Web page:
Monday, April 30, 2018



succubus in my pocket by kari edwards
(EOAGH, Brooklyn, 2015)

Dear kari, Dear Marthe,

My dog Athena is dying. Not dying in the sense that we’re all dying but, quite specifically: she is dying and it will be a premature death. It will be as premature, I feel, as both of yours. The prematureness is significant—we will all die, but yours, like Athena’s, seem to be deaths out of sync with the lives that were supposed to unfold. Or perhaps not—but this dismay must exist initially in a flawed someone who loved you both.

My dog Athena is dying from a fungal disease. She is three years old. There is, as I write this, no known cure though we intervened more than any other human family has done for a dog so that, hopefully, her experience will add to the body of knowledge required for discovering a cure someday.  I’m going on too long about Athena, here, because it hurts to address the specificities of your two deaths.

My dog Athena is dying from a fungal disease that has spooked her doctors. When we brought her to the hospital, the doctors said she was the known third incident of such a disease brought to their hospital. But since seeing Athena, they now see a case every other day, “and the cases are accelerating.” Thus, my husband Tom has a theory: Athena is dying prematurely because of climate change. Warm weather increases the pathogens in the air and such has affected Athena—what she’s drawn into her body with each breath. Since Tom expressed his belief, I went online and, yes, there does seem sufficient research now to affirm his thoughts. For instance,

“climate warming tends to favor the geographic expansion of several infectious diseases. … Overall, climate conditions constrain the geographic and seasonal distributions of infectious diseases, and weather affects the timing and intensity of disease outbreaks…”
--ScienceDirect (a related article HERE)

Well there you go—the personal is the universal and vice versa, the body is the world and vice versa, to damage environment is to hurt the very flesh it’s supposed to be “around”, and I see you both—Dear kari, Dear Marthe—in your respective wisdoms nodding.

After you passed, Dear kari, I ordered your book succubus in my pocket. But this 2015 posthumous release from EOAGH remained on my desk, unread, for the past three years. It stayed on my desk, always inches from my fingers, but remained unread. It was too painful to open what would be another confirmation that you had passed.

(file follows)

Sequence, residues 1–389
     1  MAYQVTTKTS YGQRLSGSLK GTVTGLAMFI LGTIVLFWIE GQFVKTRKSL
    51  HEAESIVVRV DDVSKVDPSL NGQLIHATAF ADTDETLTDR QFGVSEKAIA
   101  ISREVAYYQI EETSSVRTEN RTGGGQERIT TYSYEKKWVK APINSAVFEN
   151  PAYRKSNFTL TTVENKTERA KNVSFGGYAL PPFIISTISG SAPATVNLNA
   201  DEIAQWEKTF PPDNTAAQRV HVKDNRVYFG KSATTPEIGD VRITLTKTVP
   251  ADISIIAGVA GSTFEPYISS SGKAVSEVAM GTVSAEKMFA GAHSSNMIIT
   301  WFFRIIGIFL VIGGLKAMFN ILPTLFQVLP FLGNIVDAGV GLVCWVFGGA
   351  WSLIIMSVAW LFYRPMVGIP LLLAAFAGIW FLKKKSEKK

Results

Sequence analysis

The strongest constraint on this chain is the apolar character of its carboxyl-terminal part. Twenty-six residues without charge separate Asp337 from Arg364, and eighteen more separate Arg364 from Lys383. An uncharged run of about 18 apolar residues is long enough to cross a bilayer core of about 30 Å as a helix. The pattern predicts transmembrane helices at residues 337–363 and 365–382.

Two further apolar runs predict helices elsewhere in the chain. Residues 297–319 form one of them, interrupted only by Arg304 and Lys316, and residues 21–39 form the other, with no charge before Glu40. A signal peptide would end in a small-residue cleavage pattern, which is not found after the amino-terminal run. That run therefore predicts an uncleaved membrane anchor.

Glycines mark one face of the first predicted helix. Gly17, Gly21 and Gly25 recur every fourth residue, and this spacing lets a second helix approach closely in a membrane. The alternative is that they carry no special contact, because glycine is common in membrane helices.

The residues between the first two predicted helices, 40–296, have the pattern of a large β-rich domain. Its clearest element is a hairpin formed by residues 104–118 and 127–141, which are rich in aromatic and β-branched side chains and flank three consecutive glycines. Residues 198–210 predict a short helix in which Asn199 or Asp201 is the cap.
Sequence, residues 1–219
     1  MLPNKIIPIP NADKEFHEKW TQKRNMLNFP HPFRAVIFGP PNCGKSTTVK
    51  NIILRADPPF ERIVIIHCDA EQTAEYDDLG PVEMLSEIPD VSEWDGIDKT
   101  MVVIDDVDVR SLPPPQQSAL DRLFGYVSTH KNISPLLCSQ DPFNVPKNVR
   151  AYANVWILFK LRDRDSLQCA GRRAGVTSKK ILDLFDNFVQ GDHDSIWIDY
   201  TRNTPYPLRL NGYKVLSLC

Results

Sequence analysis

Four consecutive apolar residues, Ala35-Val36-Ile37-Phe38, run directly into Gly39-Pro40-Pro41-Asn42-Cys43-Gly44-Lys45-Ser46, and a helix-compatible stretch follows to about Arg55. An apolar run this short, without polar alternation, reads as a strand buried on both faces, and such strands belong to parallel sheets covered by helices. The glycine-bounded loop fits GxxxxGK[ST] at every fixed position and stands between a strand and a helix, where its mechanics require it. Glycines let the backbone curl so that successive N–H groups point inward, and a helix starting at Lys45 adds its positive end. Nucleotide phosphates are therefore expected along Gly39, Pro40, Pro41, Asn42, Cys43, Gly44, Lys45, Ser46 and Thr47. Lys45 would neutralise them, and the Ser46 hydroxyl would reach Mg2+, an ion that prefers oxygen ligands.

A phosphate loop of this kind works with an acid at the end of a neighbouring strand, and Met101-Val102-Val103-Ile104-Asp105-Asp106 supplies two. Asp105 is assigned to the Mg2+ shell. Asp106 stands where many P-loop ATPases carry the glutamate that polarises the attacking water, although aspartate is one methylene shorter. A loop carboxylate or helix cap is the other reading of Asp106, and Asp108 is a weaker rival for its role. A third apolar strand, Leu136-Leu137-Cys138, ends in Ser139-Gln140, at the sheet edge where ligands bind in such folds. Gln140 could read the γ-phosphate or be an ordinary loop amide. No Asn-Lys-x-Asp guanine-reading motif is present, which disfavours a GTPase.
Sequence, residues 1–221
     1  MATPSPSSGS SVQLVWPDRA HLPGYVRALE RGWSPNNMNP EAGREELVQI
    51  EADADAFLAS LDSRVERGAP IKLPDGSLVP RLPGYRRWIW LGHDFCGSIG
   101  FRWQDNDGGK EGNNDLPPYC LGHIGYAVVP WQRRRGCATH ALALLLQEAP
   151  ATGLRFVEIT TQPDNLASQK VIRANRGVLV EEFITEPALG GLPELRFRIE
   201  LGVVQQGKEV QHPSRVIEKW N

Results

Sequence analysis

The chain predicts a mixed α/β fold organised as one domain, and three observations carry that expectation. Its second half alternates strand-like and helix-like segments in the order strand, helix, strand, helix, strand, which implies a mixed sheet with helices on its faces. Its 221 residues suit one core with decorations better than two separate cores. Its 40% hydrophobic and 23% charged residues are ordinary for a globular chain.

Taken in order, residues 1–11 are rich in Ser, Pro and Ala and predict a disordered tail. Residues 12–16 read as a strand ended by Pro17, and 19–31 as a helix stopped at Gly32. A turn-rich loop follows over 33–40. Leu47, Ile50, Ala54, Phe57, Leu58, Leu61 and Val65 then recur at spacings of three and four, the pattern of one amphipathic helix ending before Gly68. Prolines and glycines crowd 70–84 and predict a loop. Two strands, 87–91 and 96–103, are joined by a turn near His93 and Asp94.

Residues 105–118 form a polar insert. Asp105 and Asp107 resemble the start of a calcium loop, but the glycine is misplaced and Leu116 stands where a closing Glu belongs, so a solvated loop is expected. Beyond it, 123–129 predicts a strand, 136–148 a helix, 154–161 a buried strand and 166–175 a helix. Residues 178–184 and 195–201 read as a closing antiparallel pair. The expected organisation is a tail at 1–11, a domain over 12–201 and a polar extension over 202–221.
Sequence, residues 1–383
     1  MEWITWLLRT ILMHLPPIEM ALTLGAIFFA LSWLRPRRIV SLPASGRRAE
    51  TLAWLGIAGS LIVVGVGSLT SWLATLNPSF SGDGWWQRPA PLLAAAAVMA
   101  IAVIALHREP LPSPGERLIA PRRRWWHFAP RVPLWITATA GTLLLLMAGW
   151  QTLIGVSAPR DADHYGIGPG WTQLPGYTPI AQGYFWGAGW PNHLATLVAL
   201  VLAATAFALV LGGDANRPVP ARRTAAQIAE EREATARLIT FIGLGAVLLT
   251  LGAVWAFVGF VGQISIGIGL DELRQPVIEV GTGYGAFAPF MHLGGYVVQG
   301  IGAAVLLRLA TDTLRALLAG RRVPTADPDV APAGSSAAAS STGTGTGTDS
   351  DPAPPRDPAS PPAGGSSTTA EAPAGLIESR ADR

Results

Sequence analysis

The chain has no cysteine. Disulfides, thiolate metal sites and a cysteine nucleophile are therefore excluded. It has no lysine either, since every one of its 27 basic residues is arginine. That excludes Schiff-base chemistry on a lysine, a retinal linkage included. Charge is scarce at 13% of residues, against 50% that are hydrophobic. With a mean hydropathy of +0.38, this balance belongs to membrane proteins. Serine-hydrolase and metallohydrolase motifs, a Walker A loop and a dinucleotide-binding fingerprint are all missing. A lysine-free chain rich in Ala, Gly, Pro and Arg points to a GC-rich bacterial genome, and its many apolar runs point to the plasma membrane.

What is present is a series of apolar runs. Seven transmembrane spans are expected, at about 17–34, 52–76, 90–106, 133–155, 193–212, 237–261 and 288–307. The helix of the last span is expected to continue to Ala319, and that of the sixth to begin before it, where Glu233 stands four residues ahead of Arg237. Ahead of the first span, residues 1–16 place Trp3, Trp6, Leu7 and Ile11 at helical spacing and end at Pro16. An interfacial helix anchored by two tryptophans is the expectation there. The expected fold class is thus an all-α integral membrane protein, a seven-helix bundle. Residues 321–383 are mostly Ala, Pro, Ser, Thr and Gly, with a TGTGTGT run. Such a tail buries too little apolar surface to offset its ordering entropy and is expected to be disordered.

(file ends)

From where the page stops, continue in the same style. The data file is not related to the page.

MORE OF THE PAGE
But then, Dear Marthe, you passed. You passed just days before I had ordered a review copy from above/ground press of your chapbook, coastal geometries.  It arrived after your death. I haven’t yet opened it.

But your premature passing, Dear Marthe, turned my fingers towards kari’s book.  Because of you, Dear Marthe, I’ve begun to read kari’s book. I turned away from pain to another pain that time made incrementally more bearable. Thank you, Dear Marthe: kari’s book is a masterpiece. You can see the very physicality of its energy just from its first page:

(click on all images to enlarge)

Perhaps kari’s succubus in my pocket might become some “niche” read (due to its subject matter, due to the vagaries of publishing and its initial presence through a “small press”, due to the e-world’s short memories, and so on). If so, this fate is clearly temporary—it does not belong in some “underground.” kari’s words will muscle themselves out onto the larger universe as kari achieved something that compelling.  Here’s some sample pages from the book, chosen by opening it at random:

Rob Halpern provides an absolutely luscious introduction, Dear kari, to your words. Here’s an excerpt that I cite so that I don’t lapse to a pretend-objectivity in, for purpose of a “review,” attempting to analyze your words:

Thank you, Rob Halpern. I now can continue reading you, Dear kari, by not passively looking at your words but swimming in the spaces between them, then touching out to feel (nay caress) the words every time I’m moved to do so, and I’m often moved to do so because they are palpable. And they are convincing … and convincingly-beautiful. Here’s another sample for those reading me feeling you:

With your death, Dear kari, you continue to trouble habitual life stories. You’ve always wanted to be read but not be a consumable read in the manner of capitalism. Because your words are compelling, as also  affirmed by Trace Peterson’s moving Foreword, you will always be read even if it takes more readers three years or more to come to your stories.

And, Dear Marthe, someday I will read you again … past the initial hurt of your premature transition. I do miss you.

(on my desk)



Eileen Tabios is the editor of Galatea Resurrects (GR)She loves books and has released over 50 collections of poetry, fiction, essays, and experimental biographies from publishers in nine countries and cyberspace. Her 2018 poetry collections include HIRAETH: Tercets From the Last Archipelago, MURDER DEATH RESURRECTION: A Poetry Generator, TANKA: Vol. 1and ONE TWO THREE: Selected Hay(na)ku Poems which is a bilingual English-Spanish edition with translator Rebeka Lembo. She is the inventor of the poetry form “hay(na)ku” which will be the focus of a 15-year anniversary celebration at the San Francisco and Saint Helena Public Libraries in 2018. She also will edit three anthologies in 2018: Menopausal Hay(na)ku for P-Grubbers, HAY(NA)KU 15, and HUMANITYMore information is available at